Abstracts also play a crucial role in systematic reviewing. Literature searches for systematic reviews are usually done in the titles, abstracts, and keywords of articles, and the search results are typically screened (manually and sometimes assisted by machine learning) based on titles and abstracts. Hence, abstracts are essential for high-quality systematic reviewing. An example is the screening of the CORD-19 dataset of COVID-19 related articles using the ASReview tool. However, the fact that abstracts are missing for 22% of the articles in the full CORD-19 dataset, and even for 36% of the CORD-19 articles from 2020, limits the use of the dataset.
The most sophisticated uses of abstracts arguably can be found in the biomedical domain, where the open availability of abstracts in PubMed has spurred innovation. One example is PubMed’s feature for finding similar articles, which compares articles based on their titles and abstracts. Another example can be found in Europe PMC, where the SciLite platform provides annotations of biomedical entities identified in abstracts (and full text, if available) using text mining algorithms. Identification of biomedical entities in abstracts enables computational analyses of associations between these entities. Gene-disease associations have for instance been extracted from abstracts by the LHGDN (Literature-derived human gene-disease network) and BeFree systems and have been made available in the DisGeNET database. In a similar way, researchers have developed algorithms for extracting protein-protein interactions from the abstracts of biomedical articles. Although similar approaches to the use of abstracts for automatic knowledge extraction are also being explored in other fields of research (e.g., materials science), the biomedical domain is clearly ahead of these other fields. This is most likely due to the open availability of abstracts in PubMed.
As the above examples illustrate, abstracts have many uses. This is true even given the increasing number of articles for which the full text is openly accessible. While it would often be beneficial to have access to full texts rather than just abstracts, such access is unfortunately not yet a given for the full scholarly literature. In many cases, however, it is a deliberate choice to work with abstracts rather than full texts, even when the full text of articles is accessible. This can be for technical reasons, but also because abstracts provide a more focused description of the underlying research. For instance, a recent analysis of the CORD-19 dataset of COVID-related articles showed that only 24% of the CORD-19 articles available in Web of Science include COVID-related terms in their title, abstract, or keywords — restricting to this subset may give more targeted results than using the full dataset.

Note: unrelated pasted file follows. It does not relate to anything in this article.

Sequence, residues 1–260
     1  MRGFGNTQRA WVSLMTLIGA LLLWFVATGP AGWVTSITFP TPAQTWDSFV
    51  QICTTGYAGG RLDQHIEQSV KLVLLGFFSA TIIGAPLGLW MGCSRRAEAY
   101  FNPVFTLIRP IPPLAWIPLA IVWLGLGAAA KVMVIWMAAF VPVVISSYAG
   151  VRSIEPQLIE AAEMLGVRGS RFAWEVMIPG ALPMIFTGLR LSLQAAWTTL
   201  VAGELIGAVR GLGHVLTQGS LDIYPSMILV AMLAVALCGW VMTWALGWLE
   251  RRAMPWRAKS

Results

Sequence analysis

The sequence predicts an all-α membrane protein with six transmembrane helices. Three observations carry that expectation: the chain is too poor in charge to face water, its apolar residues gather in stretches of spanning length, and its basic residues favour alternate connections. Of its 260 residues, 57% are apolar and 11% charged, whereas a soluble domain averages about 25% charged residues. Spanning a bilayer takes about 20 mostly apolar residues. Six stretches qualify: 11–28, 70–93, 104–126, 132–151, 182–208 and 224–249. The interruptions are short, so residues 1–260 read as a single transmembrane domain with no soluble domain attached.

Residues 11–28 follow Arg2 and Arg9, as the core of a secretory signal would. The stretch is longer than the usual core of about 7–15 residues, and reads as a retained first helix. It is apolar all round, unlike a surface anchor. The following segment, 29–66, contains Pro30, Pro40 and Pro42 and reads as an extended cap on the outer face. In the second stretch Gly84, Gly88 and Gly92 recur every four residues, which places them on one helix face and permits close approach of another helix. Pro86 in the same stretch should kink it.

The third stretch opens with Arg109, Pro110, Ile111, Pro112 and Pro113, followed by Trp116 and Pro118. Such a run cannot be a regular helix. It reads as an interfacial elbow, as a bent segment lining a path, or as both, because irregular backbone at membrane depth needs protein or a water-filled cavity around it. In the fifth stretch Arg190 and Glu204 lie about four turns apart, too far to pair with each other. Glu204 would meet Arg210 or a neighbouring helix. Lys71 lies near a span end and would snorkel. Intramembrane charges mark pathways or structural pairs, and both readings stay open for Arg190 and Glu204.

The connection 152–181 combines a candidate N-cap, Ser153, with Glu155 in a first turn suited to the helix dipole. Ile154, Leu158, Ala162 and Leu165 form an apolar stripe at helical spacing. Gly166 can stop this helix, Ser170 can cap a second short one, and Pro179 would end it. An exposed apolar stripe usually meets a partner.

Availability of abstracts
The ways in which researchers benefit from abstracts are quite varied. But are abstracts generally available for the various use cases discussed above?
Abstracts are mostly freely accessible on publisher websites. This facilitates the most basic use case for abstracts, namely to enable researchers to easily get a general understanding of what an article is about. However, for the other use cases discussed above, having free access to abstracts on publisher websites is not enough. These use cases require bulk access to machine readable abstracts.
Commercial and proprietary bibliographic databases such as Web of Science and Scopus provide a good coverage of abstracts. However, in addition to the cost of accessing them, they have the limitation of being selective in scope, not covering the full breadth of the scholarly literature. Moreover, they impose restrictions on the number of abstracts that can be downloaded from the database and the way these abstracts can be used. Dimensions is generally less selective and provides free access, but it currently has the disadvantage that abstracts cannot be downloaded. (The Dimensions team informed us that they plan to make abstracts available for download in the near future.)